New Opportunities for U.S. Exporters to France
This article is the inaugural episode of “French Connection”, a brand new series which will explore English to French flows in terms of trade, finance and people, in an increasingly interconnected and digitalized world. As we are just a couple of days away from the 70th anniversary of D-Day, it seems appropriate to focus on the American trade in goods with France, and the benefits of new international regulations for U.S. exporters.
New opportunities in a deregulated market
France is the number one destination of U.S. exports to French-speaking territories, with a total of $32bn in 2013 (+21% since 2009), ahead of Quebec, Belgium and Switzerland.
The breakdown of the trade between the United States and France is typical from flows between developed countries, with a vast majority of knowledge-intensive products from similar industries, such as aeronautics, computer & electronic products, pharmaceuticals or machinery.
The commercial links between the two countries are expected to generate even more opportunities in the near future, considering the multilateral Agreement on Trade Facilitation (ATF) reached in December 2013 and the negotiations under way about a potential bilateral Transatlantic Trade and Investment Partnership (TTIP).
Benefits of the ATF for U.S. exporters
The ATF reached in Bali at the WTO's 9th Ministerial Conference aims at streamlining customs procedures and cutting red tape, in a move towards deeper international cooperation.
The overall potential trade cost reductions for high income countries, such as the USA and France, should be around 12%, driven by three major sets of measures:
According to the OECD TFIs (trade facilitation indicators), the United States still has room for improvement in this area, while France outperforms.
The USA is best-in-class, whereas France underperforms.
3. Advance rulings
The United States is best-in-class, while France is on par with the OECD average.
Benefits of a potential TTIP for U.S. exporters
Negotiations are under way since July 2013 about a potential TTIP, in order to expand trade and investment between the USA and the EU, which are already each other’s primary partners in both areas.
The TTIP scope is ambitious and goes way beyond the ATF. Its comprehensive framework includes chapters on:
- non-tariff barriers (NTBs), whether applied at the border or behind it,
- regulatory compatibility,
- customs and trade facilitation based on the ATF,
- intellectual property rights,
- competition policy,
- dispute settlement,
- small- and medium-sized enterprises (SMEs), which are disproportionately affected by trade barriers.
A specific chapter dedicated to SMEs seems especially necessary in a digital world which allows even the smallest companies to become “micromultinationals”.
Before going into the details, it is worth noting that given the already low level of the import tariffs (3% on average in the EU), industries with strong NTBs, such as agricultural products or chemicals, should be the main beneficiaries of an eventual agreement.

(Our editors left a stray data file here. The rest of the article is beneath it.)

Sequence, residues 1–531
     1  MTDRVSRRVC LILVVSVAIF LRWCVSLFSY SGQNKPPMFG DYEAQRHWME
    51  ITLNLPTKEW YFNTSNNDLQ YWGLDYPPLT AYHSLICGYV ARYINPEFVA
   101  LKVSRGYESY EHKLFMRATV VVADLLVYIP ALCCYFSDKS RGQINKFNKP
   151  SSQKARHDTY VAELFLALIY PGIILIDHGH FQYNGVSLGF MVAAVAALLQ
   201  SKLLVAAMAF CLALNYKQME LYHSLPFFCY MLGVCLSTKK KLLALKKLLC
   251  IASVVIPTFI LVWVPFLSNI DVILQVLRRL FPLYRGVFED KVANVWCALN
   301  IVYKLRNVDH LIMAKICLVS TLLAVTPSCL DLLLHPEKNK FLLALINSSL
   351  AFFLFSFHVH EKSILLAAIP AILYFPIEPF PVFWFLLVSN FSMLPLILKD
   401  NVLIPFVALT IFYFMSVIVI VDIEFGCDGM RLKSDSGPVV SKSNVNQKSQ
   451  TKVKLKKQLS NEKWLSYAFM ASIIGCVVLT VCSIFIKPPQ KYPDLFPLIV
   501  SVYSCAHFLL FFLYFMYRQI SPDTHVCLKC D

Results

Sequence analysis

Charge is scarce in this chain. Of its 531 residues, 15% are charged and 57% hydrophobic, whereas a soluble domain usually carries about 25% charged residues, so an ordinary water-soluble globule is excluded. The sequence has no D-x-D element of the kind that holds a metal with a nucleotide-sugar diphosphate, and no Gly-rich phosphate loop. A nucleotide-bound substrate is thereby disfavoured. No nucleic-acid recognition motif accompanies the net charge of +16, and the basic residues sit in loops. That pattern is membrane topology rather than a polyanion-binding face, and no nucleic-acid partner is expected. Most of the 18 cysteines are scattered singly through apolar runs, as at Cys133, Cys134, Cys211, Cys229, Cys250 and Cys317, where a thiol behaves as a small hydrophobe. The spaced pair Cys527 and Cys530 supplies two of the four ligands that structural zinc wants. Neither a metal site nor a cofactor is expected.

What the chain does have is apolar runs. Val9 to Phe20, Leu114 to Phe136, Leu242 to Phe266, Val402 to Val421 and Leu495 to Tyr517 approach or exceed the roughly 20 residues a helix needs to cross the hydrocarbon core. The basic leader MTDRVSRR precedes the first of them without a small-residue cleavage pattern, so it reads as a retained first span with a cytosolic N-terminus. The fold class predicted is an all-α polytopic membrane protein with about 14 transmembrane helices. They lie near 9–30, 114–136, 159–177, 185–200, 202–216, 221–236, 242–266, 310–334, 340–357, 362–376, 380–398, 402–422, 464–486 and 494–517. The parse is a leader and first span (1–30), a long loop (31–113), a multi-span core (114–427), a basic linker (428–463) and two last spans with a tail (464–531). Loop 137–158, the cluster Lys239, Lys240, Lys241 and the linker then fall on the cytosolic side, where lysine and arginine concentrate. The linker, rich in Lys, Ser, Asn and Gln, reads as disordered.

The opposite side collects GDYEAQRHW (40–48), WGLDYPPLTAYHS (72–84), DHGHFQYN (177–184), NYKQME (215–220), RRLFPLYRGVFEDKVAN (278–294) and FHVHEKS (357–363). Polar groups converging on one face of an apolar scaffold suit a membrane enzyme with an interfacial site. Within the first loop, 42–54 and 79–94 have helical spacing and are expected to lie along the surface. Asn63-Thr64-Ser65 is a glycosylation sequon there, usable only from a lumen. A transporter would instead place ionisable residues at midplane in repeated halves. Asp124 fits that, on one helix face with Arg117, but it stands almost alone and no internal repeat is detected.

Furthermore, a significant volume of trade between the United States and the EU is of an intra-group nature within integrated industries, and the related potential impact of the TTIP is likely to be limited in these fields.
However, the implementation of the TTIP will allow U.S. exporters to:
1. become more competitive in the global marketplace
For example, the elimination of EU tariffs on industrial products, including machinery, scientific instruments, and chemicals and plastics, will enable U.S. companies to compete with suppliers from the EU’s other free trade agreement partners, and from within the EU itself.
2. benefit from a level playing field
- tariffs: for instance, in terms of agricultural products, the TTIP could eliminate a 7% imbalance on shipments of apples (currently a 7% tax from U.S. to EU vs. free from EU to U.S.), and a $1,646 differential in duties per ton on shipments of olive oil. Besides, the TTIP could also reduce customs duties on digital products and e-commerce.
- regulatory compatibility: increasing the compatibility of U.S. and EU regulations could reduce associated costs, especially in key industries such as pharmaceuticals, cosmetics, medical devices, automotive, and chemicals.
- state-owned enterprises (SOEs): the TTIP will aim at reducing trade distortions from SOEs engaged in commercial activity.
3. get broader and deeper access to existing and/or new markets
- textile and apparel products: the goal here is to obtain fully reciprocal access.
- government procurement: the objective is to improve access to these markets in areas including construction and medical devices.
- NTBs: eliminating or reducing NTBs, such as restrictive licensing, sanitary and phytosanitary (SPS) measures, and technical barriers to trade (TBTs), will offer new opportunities, while building on relevant WTO agreements.
What is good for cross-border trade is good for the translation industry. Consequently, I welcome these new regulations, which should strengthen the flows between the United States and France, while driving the growth of all the fields related to international communication, as long as they are fully implemented.
Now, I’d love to hear from you!
How do you plan to capture these new opportunities?
How much of an impact will these new regulations have on your own company?
Do you consider increasing your exports to France?
Let me know in the comments below!
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